Most dictionaries define resilience as ‘the ability to recover quickly’ and ‘the property of a material that resumes its original shape after distortion.’ We understand the meaning by considering the antonyms for resilience: words like ‘fragility’, ‘inflexibility’ and ‘weakness’.
In times of continuous pressure and change, resilience is often cited as one of the key attributes of successful leaders – a positive ability to weather the storm that rages around.
In successful adult learning, resilience is also a key factor. Those who learn most effectively are those who can try, fail and try again, managing the negative feelings associated with difficult learning experiences.
So, traditionally, we have thought of resilience as something to be admired: a resilient individual or community is one able to withstand the stresses of a radical challenge to the status quo, one that does not crumble under pressure.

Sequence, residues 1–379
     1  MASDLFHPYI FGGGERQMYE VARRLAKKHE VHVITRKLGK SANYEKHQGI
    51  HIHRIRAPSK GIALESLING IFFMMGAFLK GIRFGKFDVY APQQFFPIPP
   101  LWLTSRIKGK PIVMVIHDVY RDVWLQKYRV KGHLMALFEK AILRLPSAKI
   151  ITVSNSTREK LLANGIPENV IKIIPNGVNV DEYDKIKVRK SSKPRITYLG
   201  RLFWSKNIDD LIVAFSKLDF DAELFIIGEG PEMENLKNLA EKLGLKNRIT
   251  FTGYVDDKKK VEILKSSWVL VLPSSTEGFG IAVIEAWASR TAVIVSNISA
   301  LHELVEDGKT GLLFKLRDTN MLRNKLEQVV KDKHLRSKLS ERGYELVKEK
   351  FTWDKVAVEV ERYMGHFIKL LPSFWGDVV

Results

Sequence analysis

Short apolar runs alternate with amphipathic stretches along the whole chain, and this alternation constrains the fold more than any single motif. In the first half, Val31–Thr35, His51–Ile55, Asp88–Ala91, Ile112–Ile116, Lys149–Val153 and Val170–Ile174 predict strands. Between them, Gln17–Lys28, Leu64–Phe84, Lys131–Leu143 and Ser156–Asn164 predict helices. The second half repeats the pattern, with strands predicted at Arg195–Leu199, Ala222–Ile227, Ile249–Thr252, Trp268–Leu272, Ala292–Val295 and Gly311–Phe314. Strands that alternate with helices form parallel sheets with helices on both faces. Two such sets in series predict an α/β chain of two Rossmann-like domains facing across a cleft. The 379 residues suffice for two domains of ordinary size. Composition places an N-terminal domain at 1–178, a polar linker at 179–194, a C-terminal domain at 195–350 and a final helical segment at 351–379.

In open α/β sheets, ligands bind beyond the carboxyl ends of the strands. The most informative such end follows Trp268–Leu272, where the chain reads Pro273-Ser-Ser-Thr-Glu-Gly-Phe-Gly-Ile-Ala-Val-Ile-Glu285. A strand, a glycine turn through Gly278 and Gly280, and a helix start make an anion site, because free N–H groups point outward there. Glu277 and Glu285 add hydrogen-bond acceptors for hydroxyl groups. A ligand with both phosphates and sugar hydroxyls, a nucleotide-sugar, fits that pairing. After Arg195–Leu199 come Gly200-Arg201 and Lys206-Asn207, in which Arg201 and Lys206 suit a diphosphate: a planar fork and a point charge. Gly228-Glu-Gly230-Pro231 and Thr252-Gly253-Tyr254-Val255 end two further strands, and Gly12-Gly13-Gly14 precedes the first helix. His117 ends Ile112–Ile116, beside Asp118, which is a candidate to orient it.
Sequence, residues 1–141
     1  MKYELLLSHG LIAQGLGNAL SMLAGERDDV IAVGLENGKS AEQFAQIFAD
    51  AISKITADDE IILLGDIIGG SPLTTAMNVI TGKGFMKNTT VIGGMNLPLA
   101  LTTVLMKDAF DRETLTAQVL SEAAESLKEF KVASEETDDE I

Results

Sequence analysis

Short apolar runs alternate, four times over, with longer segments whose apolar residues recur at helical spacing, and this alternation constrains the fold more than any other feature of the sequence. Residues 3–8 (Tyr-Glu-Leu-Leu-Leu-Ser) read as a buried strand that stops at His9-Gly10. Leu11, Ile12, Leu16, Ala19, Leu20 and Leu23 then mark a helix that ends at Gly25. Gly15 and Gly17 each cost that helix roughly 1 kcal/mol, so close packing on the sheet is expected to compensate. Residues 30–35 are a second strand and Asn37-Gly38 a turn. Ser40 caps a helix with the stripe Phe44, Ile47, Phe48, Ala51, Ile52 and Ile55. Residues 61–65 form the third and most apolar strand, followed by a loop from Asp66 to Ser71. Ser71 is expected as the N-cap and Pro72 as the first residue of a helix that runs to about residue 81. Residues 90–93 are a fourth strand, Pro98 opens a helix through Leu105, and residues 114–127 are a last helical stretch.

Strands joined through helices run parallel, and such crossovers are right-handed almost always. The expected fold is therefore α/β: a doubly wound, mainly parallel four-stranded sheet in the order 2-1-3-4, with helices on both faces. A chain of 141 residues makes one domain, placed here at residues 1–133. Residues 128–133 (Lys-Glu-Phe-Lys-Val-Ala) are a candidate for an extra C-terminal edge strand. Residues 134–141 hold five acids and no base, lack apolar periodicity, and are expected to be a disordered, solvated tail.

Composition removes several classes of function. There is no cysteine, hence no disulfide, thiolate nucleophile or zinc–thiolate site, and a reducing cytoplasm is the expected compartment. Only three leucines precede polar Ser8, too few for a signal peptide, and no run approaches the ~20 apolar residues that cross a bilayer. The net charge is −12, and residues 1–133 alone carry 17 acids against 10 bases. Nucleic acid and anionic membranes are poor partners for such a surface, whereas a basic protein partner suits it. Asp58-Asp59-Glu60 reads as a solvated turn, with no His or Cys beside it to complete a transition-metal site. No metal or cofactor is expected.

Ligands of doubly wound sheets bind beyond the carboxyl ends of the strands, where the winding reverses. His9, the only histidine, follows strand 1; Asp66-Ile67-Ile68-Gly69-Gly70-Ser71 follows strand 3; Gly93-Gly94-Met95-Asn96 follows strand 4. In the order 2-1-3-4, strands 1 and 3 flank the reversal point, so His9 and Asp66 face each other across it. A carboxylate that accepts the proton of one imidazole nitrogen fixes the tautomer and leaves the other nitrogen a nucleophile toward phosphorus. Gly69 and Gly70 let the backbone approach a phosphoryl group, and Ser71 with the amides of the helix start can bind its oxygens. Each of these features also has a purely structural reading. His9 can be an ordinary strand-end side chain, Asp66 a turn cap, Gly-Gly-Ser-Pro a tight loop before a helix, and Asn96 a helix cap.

But what if resilience is also the very thing that inhibits necessary change? In other words, can we be so resilient that we withstand forces that ought to lead to change and ought not to be resisted? Put another way, could our very positive ability to weather storms, for example, make us unable to understand that the storms are linked to global warming and therefore need to be addressed rather than simply weathered?
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